-Peasants take goods produced in their village to sell in the local town by repeatedly travelling directly between the village and the town on the map.
-The raw materials are taken to towns and either consumed or processed into secondary goods (e.g. wool into clothes, sheep into meat) via workshops.
-Goods in towns are bought by caravans to be sold elsewhere for a higher price, caravans will assess the situation and try to maximise profit from their journey over the map.
When all of these steps are completed successfully, the prosperity of the settlements increases. What's interesting, though, is that because everything is connected in this way, disruption can be a very effective approach when dealing with an enemy or rival. A simple example is that raiding enemy villages or preventing peasants from making their journey to the local town impoverishes towns due to their lack of goods to process for trade. More indirect benefits can be received by, for instance, aiding a bandit group near to the fief of a rival noble from the same faction, trying to limit their income and gaining a leg over them in the faction standings. Since everything is simulated in this way, no matter what you do, it has a knock-on effect in the world. Manipulating this to your own ends is key to making progress in the game but AI Lords will also attempt to create problems for opponents, in an effort to better themselves.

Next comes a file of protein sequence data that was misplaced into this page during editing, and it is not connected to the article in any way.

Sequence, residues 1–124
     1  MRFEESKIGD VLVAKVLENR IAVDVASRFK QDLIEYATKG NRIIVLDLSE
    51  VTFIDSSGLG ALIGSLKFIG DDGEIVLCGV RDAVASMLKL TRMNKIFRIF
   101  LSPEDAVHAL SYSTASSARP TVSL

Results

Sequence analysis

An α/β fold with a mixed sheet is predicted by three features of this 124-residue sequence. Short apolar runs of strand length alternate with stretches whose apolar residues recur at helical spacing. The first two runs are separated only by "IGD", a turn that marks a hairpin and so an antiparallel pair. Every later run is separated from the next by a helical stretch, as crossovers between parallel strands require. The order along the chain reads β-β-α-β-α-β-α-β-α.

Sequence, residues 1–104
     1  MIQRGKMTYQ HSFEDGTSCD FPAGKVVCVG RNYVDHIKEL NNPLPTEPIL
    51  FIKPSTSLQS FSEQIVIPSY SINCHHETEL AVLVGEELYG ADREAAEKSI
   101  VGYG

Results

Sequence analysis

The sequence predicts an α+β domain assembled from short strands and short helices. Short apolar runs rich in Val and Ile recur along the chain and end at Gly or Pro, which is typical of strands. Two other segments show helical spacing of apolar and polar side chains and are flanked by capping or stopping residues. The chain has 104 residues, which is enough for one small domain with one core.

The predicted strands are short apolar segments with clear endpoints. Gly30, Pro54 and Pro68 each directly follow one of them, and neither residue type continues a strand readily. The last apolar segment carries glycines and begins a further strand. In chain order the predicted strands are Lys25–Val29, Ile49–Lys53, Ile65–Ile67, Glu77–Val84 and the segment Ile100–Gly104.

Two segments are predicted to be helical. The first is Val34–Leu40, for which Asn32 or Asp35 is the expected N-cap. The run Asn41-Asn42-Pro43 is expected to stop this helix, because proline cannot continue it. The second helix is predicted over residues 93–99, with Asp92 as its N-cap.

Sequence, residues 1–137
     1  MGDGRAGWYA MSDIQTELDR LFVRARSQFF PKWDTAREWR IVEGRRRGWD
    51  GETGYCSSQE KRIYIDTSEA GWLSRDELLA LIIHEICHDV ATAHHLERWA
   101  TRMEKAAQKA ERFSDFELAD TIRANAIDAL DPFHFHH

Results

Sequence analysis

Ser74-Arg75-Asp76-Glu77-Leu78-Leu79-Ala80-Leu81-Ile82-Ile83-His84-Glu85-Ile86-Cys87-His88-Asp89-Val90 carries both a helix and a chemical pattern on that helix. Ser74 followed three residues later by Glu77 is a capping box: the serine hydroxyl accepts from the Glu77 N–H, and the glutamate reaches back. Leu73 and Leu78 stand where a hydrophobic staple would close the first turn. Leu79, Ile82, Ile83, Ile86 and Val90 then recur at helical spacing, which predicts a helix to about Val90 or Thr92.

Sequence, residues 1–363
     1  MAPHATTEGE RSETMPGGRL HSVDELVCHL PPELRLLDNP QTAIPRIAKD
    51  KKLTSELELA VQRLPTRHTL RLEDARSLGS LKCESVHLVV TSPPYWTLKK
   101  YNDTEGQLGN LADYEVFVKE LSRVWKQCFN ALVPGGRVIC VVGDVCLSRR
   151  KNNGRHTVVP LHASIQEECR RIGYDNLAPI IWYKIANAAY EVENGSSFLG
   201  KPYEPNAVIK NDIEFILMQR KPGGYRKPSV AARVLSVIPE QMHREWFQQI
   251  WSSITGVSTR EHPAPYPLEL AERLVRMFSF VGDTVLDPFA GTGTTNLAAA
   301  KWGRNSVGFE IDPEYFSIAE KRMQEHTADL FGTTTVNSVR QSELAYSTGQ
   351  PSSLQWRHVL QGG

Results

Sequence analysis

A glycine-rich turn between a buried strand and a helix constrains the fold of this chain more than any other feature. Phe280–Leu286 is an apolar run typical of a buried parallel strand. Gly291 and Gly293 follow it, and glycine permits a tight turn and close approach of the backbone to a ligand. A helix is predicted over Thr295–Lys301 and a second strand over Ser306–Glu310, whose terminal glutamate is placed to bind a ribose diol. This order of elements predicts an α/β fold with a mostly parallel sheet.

The topography of the map is not entirely consistent with Warband, in fact Bannerlord's map is somewhat more mountainous. The effect of this is an increase in the number of choke points. It will be hard to avoid conflict, for instance, when traversing narrow passes through mountain ranges that may be riddled with ambush spots or enemy patrols. Tactically, the map offers many more options for controlling areas that serve as trade routes. Battles are often fought in the game to contest key choke points with the goal of securing passage for trade caravans and other parties. As a player, it is important to consider what kind of warfare you are likely to end up in, before sacrificing relations with a faction. If your speciality is skirmishing on foot over rough terrain, you might for example avoid engaging the Aserai, who will have higher mobility in the open desert.